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  • Q&A with Australian Health Practitioners

    Can a lingual nerve be repaired? If so, how successfully?

    Related Topic
    What are the chances that nerve will repair by leaving it alone
  • Find a professional to answer your question

  • 1

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    Dr Paul Coceancig

    Oral and Maxillofacial Surgeon

    I am a specialist oral & maxillofacial surgeon based in Sydney and Newcastle, Australia. I graduated in medicine from the University of Otago, and in … View Profile

    Lingual nerve injury is a complication most often associated with wisdom teeth removal.

    It occurs because, in the region of the wisdom tooth, the lingual nerve often lies very close to the gum and thin bone that lies just on the inside of the crown and root of the wisdom tooth.

    The lingual nerve itself supplies taste and sensation to the front 2/3 rds of the tongue. So if you have a lingual nerve injury, it can mean that half your tongue, from side to tip, is both profoundly numb, and devoid of the sense of taste. It can be a devastating injury.

    The rate of lingual nerve injury from wisdom teeth removal has been studied in dental colleges and University centres around the world. It is commonly quoted as a random 0.25%-1% chance, with at least half of these incidences reported as a “permanent” effect.

    But the real chance (or risk) of you developing a lingual nerve injury is as dependent upon your own personal anatomy (which is random), as upon the expertise of the individual that is performing your wisdom tooth surgery (which is not random, as you determine who treats you).

    If you are to prevent a lingual nerve injury from your wisdom tooth removal, the single most effective means of prevention comes with seeking the most expert and experienced clinician to remove your wisdom tooth… and that will normally be a registered and trained specialist.

    So always check credentials.

    But if you already have a lingual nerve injury, then what chance is there that repair can occur? What is the chance that an operation will fix, or reverse the lingual nerve damage, when the cause of it was itself unpredictable, or because of medical misadventure?

    The answer to this has been explored in depth in surgical research papers, looking at both the effectiveness of preventing for lingual nerve injury, as well as for assessing the chance of success of various operations to correct lingual nerve damage when it occurs.

    Can a lingual nerve be repaired? Well that all depends on how it was damaged, by whom, how long ago, and the expertise and experience of the person performing the operation at repair.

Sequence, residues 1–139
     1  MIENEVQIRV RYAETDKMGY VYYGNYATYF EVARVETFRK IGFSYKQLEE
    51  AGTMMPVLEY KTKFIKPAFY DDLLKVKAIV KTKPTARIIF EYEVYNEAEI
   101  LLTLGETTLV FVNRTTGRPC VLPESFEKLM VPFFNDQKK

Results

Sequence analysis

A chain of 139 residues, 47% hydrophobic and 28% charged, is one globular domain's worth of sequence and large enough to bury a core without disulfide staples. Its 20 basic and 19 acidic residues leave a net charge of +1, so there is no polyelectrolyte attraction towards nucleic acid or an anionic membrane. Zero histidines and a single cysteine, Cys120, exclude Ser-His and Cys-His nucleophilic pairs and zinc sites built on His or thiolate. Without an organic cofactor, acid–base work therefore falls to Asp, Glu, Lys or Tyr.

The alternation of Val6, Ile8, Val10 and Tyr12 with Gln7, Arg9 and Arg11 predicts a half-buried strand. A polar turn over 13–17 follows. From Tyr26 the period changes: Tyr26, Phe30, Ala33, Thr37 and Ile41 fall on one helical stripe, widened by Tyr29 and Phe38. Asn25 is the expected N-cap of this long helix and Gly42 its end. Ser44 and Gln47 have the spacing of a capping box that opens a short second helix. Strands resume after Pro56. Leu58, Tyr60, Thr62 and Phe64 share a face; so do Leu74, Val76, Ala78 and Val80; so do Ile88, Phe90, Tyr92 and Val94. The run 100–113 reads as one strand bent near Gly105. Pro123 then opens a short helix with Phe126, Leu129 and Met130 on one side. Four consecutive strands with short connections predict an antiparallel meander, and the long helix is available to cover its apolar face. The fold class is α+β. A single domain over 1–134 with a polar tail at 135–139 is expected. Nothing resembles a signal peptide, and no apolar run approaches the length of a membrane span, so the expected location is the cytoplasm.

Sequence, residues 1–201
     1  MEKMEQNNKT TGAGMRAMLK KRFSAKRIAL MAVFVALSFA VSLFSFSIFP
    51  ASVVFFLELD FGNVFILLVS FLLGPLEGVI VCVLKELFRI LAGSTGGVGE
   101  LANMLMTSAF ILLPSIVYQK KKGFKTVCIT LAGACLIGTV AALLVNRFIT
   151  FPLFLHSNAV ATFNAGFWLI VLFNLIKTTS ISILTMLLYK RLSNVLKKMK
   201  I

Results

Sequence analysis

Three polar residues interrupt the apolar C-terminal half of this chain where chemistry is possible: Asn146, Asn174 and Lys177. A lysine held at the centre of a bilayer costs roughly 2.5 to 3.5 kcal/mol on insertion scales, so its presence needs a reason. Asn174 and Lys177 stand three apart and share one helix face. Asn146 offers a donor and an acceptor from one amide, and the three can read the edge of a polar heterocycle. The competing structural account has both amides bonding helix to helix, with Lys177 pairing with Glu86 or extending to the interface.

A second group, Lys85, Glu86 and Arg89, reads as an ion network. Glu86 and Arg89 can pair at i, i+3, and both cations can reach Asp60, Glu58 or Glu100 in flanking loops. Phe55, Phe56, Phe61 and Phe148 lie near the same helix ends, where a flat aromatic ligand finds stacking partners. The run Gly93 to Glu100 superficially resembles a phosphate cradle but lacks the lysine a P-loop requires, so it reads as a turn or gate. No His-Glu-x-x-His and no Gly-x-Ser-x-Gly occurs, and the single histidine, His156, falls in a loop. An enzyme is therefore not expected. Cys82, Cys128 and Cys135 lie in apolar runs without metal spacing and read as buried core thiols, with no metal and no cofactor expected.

And what is the overall assessment? The answer is probably no. It can't be repaired.

    http://www.profilo.com.au

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    Jaffar Dental - Trusted and Established since 1997. We are a family owned General Dental Practice offering a friendly and caring environment in Waterford QLD. … View Profile

    Very difficult to repair if it's been fully severed during surgery. If it's just a crush injury, normally time will allow proper full healing.

  • 3

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    Jessie Ranger

    HealthShare Member

    It's definitely debilitating. And corrective surgery doesn't always help... even from the best. I'm not a dentist. Just someone who had the LN completely severed, went through a long surgery with a painful recovery. Only to almost feel the exact same as before. My corrective surgeon was the best, but every time you talk, chew or brush your teeth you think of and feel (or don't feel) your injury. 

  • Wassim Omar

    HealthShare Member

    Hello, I had my wisdom tooth surgery last thursday, unfortunately the right part of my tongue is still numb. The dentists, neurologists told to wait and give it some time to heal. Ive been searching all over the internet abt the lingual nerve injury.

    please help me!!! Tell me abt it.

  • 1

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    Diana Sandiego

    HealthShare Member

    Hello Jessie,

    How long after the teeth extraction did you do the surgery?

    Could you give me more details about it. Im considering to do it too.

  • 2

    Thanks

    Diana Sandiego

    HealthShare Member

    Hello Jessie,

    How long after the teeth extraction did you do the surgery?

    Could you give me more details about it. Im considering to do it too.

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